Movie Review: Steve Jobs

With the atrocious 2013 Asthon Kutcher movie “Jobs” and its disappointing box office turn out, I understand the possible hesitation to see recently released “Steve Jobs.” However, the hesitation is not needed. Steve Jobs is one of the best movies of the year.

“Steve Jobs” is directed by Danny Boyle (Trainspotting, Slumdog Millionaire) and written by Aaron Sorkin (Moneyball, The Social Network). It gives you an introductory class on the life of Steve Jobs, Apple Founder and CEO (Michael Fassbender) in three parallel acts, each showing Steve interacting with a set of people that shape his life the most right before one of his famous products launches.

He has to talk to a daughter he does not claim, deal with a friend who wants nothing more than some acknowledgement, and manage the complex relationships he has with those he actually cares for.

We see both the familiar Steve we saw in TV interviews and product launches, and the less-seen Steve that could quickly turn cruel and unforgiving. There is not a thought that goes through his mind he does not express, so we get a very clear picture of who Steve Jobs, or at least this interpretation of him, was.

This screenplay is all of what you would expect from Sorkin. He also wrote “The Social Network.” If you liked that, you’ll love this. Both of these films are full of off the cuff technical jargon and bitingly clever dialogue, about a brilliant yet troubled technical genius, but I feel that Boyle was able to realize the script better than Fincher did with the “Social Network.”

Nearly the whole film is shots of Jobs simply having different conversations with people, often while walking, or brilliantly edited news sequences showing you the powerful influence that both Jobs and Apple have in this world. This is very typical of Sorkin, and it’s so well done you don’t realize how simple of a movie it is.


The script is acted beautifully. Jobs is portrayed by Michael Fassbender, and it is an outstanding performance. We see a man determined to live to the potential he sees in himself. The worst thing about Steve is also the best thing about this performance: he knows exactly how talented he is. This man truly changed the world and knew that he would. Fassbender’s voice is unrecognizable in this film. He can plays the sadistic side of the character just as well as he plays the wholesome side. You may see less of Steve than you would expect but the acting as a whole is incredible.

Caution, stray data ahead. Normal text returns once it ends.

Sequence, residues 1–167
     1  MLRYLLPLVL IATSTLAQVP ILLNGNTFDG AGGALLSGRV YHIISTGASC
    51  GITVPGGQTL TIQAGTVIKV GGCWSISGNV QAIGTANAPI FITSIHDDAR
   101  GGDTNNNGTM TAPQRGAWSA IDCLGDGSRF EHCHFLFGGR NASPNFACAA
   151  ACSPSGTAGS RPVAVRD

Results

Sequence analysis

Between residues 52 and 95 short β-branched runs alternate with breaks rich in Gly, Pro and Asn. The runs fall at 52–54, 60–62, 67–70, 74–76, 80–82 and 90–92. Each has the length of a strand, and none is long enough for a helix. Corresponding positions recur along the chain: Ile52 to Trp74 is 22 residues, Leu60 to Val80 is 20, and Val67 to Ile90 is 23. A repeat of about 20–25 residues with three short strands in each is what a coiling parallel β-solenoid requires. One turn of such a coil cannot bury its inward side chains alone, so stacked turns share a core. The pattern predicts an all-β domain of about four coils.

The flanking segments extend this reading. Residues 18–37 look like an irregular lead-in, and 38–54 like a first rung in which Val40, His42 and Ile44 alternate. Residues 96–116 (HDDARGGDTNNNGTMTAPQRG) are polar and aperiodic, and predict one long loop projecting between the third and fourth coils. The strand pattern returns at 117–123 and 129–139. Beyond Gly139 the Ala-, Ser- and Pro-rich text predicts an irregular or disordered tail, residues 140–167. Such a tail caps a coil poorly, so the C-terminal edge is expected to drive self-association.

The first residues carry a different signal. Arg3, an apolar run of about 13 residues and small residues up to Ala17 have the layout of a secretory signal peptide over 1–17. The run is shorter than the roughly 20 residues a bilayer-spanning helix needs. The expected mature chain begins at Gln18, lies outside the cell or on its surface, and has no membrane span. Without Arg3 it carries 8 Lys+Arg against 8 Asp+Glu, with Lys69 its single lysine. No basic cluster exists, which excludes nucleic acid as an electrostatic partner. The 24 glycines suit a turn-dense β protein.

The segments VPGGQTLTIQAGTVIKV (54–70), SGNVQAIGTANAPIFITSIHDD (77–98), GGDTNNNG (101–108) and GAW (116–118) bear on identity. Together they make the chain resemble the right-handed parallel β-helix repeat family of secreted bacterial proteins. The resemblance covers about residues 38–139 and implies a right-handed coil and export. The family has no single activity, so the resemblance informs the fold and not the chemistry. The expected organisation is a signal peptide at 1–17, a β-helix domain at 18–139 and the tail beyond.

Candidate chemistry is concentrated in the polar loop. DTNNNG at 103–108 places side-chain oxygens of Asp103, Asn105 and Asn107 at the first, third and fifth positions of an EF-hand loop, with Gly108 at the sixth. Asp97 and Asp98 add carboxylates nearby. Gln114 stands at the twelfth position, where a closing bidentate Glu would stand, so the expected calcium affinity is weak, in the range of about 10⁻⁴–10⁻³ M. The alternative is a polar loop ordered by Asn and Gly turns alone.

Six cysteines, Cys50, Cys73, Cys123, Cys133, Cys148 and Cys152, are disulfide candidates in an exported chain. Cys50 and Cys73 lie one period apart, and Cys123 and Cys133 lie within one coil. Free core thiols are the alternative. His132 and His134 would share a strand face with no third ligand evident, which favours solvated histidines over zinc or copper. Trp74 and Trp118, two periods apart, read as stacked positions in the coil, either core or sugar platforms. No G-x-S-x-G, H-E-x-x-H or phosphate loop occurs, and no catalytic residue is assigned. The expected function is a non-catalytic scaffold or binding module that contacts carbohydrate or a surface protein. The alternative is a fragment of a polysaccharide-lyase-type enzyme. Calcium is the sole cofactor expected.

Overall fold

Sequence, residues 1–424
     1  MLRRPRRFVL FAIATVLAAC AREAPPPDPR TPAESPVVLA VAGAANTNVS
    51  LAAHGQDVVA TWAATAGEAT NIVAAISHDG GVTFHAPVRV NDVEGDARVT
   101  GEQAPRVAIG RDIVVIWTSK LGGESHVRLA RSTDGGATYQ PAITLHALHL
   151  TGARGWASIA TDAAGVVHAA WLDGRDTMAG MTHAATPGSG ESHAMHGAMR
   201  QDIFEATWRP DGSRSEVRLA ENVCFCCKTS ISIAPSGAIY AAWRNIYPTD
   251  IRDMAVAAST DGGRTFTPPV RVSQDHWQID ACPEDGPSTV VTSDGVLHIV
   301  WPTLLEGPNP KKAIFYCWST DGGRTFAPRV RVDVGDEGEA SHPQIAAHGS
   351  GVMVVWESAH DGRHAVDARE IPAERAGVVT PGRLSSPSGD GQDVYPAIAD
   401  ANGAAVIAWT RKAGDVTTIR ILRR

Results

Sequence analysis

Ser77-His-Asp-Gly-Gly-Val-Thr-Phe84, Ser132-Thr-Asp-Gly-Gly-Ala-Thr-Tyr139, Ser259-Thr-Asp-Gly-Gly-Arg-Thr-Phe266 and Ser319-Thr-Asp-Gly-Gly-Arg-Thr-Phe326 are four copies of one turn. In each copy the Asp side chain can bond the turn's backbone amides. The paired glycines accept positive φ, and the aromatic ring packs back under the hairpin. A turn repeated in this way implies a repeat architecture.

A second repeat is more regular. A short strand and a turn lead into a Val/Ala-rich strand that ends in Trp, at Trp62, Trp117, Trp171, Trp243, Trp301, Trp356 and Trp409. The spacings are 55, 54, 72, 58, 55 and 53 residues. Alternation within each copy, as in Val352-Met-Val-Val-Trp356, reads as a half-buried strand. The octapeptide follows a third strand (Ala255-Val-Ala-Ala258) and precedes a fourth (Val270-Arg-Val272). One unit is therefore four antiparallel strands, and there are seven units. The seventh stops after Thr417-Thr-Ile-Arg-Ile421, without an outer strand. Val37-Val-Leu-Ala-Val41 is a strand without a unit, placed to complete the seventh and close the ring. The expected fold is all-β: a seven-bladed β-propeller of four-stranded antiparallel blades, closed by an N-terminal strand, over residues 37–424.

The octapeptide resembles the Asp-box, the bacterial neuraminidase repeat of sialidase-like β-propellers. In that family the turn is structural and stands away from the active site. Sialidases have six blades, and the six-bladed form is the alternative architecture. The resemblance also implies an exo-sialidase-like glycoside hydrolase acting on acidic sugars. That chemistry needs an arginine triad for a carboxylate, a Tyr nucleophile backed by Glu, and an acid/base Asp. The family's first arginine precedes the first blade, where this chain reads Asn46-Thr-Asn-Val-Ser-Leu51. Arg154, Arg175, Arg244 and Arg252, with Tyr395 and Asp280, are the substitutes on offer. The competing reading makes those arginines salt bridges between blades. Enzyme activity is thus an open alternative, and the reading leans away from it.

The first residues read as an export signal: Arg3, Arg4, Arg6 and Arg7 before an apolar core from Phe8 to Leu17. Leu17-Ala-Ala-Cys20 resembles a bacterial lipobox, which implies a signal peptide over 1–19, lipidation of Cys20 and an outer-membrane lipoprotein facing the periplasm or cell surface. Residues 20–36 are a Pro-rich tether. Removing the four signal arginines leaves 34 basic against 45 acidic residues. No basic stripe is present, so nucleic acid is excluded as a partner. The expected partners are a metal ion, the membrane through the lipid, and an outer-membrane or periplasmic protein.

Jeff Daniels as always is a dramatic powerhouse as Apple CEO John Sculley, but Jeff Daniels is always Jeff Daniels. There is really no difference between his portrayal of Sculley and his role as the head of NASA in The Martian from earlier this year, but that isn’t necessarily a complaint because the man has proved time and time again that he is one of the best dramatic actors of our time. The best part of the whole film are two beautifully spliced together conversations between Jobs and Sculley taking place five years apart in an argument so intense I hardly took a breath until it ended. That scene couldn’t have worked as well as it did with out Daniels.

Kate Winslet also gave an emotional performance as Joanna Hoffman, a marketing executive for Apple who is Steve’s closest friend. She plays a very divided character, one that loves Steve but knows how truly awful he can be.

Although some close to Steve were unhappy with its inaccuracy, it is a movie. As an audience member, I didn’t care; I doubt you will either. With awards season coming up, I would not be surprised if Fassbender and Daniels both get nominations along with what I would say is a guaranteed Best Editing nomination for Elliot Graham.

Every aspect of this film is thoughtful and well executed. Its three acts could split up into short films and be three complete stories and I think that is what makes this movie so worth watching and attention grabbing. “Steve Jobs” was the best movie I have seen this year, and I can’t recommend it enough.

–Jack White, Contributing Writer

Leave a Reply

Your email address will not be published. Required fields are marked *